Akira Toriyama, creator of the popular Dragon Ball franchise, has died at the age of 68. Toriyama, who was one of the most successful manga creators of the 20th century, died in Japan March 1, 2024, from an acute subdural hematoma.

Bird Studio and Capsule Corporation Tokyo, announced, “It’s our deep regret that he still had several works in the middle of creation with great enthusiasm. Also, he would have many more things to achieve.” Athletes retire in their forties, businessmen in their fifties and sixties. Creatives tend to continue creating until they are old and gray. If not for a blood clot, fans could have expected decades more work from Toriyama.

Akira Toriyama Life and Career

Akira Toriyama was born in Kiyosu, Aichi, Japan on April 5, 1955. He passed away on March 1, 2024, and has already had a funeral, a small, private ceremony attended only by immediate family and close friends.

In 1982, he married fellow manga artist Yoshimi Kato, with whom he had two children, a son and a daughter. SciFi.Radio offers our condolences to his family and his many fans.

Like Dr. Seuss, he began his artistic career in advertising. In 1981, Akira Toriyama won the Shogakukan Manga Award for Dr. Slump, which sold 35 milliion copies in Japan. His first published work was “Wonder Island” in Weekly Shonen Jump in 1978.

From 1980 to 1984 Weekly Shonen Jump  serialized “Dr Slump,” which made Toriyama a household name in Japan. He later worked as a character design for the video games Dragon Quest, Chrono Trigger, and Blue Dragon.

It was the Dragon Ball franchise that was Toriyama’s greatest success. Many credited Dragon Ball with making manga popular worldwide, not just in Japan. In a 2013 interview with Tetsuo Iwamoto, Toriyama admitted he had no idea why Dragon Ball was such an international success. He said he never intended to be didactic. “While the manga was being serialized, the only thing I wanted as I kept drawing was to make Japanese boys happy.” He succeeded in that, making boys and girls across six continents happy with his artwork and stories. A storyteller can ask for no greater epitaph.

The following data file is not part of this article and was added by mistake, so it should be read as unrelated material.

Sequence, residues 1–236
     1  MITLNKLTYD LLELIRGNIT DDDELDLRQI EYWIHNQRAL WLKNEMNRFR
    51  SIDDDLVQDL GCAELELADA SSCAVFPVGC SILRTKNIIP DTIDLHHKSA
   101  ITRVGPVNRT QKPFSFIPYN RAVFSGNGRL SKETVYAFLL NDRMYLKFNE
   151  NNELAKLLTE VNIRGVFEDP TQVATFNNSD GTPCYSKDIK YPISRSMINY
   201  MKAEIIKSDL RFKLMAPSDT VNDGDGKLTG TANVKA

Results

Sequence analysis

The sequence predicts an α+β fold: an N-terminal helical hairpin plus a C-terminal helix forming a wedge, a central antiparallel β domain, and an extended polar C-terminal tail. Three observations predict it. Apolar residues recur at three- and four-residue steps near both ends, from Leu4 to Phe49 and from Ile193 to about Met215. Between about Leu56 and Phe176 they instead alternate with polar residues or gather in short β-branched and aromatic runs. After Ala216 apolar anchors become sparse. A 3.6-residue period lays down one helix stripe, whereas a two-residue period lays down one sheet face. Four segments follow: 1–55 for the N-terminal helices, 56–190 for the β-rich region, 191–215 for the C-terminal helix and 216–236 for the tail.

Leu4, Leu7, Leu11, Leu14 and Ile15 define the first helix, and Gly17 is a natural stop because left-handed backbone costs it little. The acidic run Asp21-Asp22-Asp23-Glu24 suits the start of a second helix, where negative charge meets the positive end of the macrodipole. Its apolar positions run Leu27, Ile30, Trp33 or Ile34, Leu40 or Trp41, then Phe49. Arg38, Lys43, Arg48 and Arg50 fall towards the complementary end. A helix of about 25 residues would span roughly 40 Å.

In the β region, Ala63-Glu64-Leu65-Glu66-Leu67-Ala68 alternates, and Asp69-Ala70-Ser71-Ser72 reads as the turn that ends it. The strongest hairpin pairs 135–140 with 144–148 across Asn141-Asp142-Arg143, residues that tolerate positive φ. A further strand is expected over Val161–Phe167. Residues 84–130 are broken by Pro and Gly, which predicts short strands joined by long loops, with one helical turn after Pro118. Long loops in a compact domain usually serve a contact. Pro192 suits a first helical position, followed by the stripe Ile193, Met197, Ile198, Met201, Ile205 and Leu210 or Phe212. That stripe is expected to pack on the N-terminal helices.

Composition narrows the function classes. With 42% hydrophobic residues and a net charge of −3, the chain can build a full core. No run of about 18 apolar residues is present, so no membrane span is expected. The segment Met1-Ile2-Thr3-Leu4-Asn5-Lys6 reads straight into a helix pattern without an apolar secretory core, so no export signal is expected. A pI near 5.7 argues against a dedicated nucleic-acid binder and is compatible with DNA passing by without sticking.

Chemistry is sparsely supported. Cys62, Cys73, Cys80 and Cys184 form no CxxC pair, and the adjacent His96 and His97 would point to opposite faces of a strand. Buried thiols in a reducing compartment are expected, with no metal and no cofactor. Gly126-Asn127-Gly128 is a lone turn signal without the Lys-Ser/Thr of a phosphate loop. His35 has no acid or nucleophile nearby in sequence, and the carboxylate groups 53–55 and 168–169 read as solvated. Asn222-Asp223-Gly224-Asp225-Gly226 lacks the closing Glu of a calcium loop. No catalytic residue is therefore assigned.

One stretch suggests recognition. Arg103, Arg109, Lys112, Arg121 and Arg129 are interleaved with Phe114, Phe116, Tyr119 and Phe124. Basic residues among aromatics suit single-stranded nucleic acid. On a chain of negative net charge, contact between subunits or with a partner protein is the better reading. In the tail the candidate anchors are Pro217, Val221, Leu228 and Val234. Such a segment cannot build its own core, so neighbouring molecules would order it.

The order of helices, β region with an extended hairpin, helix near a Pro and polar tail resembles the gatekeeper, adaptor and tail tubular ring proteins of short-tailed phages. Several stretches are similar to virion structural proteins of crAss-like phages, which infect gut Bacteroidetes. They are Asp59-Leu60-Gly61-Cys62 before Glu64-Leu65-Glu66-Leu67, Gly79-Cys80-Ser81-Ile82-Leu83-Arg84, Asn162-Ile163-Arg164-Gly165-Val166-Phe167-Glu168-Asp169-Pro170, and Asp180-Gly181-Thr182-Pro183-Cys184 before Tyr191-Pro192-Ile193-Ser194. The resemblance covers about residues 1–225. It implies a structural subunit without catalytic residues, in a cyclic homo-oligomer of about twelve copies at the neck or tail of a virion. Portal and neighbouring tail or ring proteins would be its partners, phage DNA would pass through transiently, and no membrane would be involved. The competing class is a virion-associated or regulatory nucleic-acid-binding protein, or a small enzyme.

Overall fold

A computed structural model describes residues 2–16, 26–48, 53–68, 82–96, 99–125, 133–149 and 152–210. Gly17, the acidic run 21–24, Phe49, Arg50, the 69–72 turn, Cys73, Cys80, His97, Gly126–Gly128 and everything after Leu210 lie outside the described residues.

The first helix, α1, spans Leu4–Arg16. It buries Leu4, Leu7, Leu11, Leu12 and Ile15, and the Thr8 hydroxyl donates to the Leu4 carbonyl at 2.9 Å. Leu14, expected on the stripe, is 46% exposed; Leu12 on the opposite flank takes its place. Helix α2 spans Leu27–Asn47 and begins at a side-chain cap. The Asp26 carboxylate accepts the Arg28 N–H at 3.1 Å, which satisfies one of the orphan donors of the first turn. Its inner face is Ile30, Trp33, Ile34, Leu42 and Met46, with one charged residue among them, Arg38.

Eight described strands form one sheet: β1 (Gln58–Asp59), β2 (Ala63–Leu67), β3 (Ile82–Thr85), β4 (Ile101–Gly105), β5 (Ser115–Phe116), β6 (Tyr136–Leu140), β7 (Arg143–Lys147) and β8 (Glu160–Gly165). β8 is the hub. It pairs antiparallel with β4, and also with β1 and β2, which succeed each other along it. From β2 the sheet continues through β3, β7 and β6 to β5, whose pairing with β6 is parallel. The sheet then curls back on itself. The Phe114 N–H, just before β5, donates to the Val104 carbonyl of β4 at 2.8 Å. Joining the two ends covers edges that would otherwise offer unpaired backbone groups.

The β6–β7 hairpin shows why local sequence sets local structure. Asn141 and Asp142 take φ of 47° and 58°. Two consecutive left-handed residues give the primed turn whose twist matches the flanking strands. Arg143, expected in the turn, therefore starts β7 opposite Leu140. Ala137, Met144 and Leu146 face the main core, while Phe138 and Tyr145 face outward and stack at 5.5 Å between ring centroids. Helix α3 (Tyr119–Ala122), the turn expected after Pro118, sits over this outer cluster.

He also said, “The role of my manga is to be a work of entertainment through and through,” he said. “I dare say I don’t care even if (my works) have left nothing behind, as long as they have entertained their readers.” That’s a healthy attitude for an artist.

Tributes From Friends and Peers

In Time Magazine, One Piece creator Eiichiro Oda said , “Toriyama proved to a disbelieving audience that “manga can be fun for both children and adults,” He showed that manga could travel the world.”

Naruto author Masashi Kishimoto said Toriyama was a major influence on him.

Masakazu Katsura, creator of Tiger & Bunny, said “He was so funny. He was naughty, cute, sharp-tongued and humble. I miss our long phone calls where we just talked about dumb things.”

Domo arigato gozaimashita , Akira Tomiyama. You will be missed and long remembered. Thank you for everything.


Susan Macdonald
Susan Macdonald

Susan Macdonald is the author of the children’s book “R is for Renaissance Faire”, as well as 26 short stories, mostly fantasy in “Alternative Truths”, “Swords and Sorceress #30”, Swords &Sorceries Vols. 1, 2, & 5, “Cat Tails” “Under Western Stars”, and “Knee-High Drummond and the Durango Kid”. Her articles have appeared on SCIFI.radio’s web site, in The Inquisitr, and in The Millington Star. She enjoys Renaissance Faires (see book above), science fiction conventions,  Highland Games, and Native American pow-wows.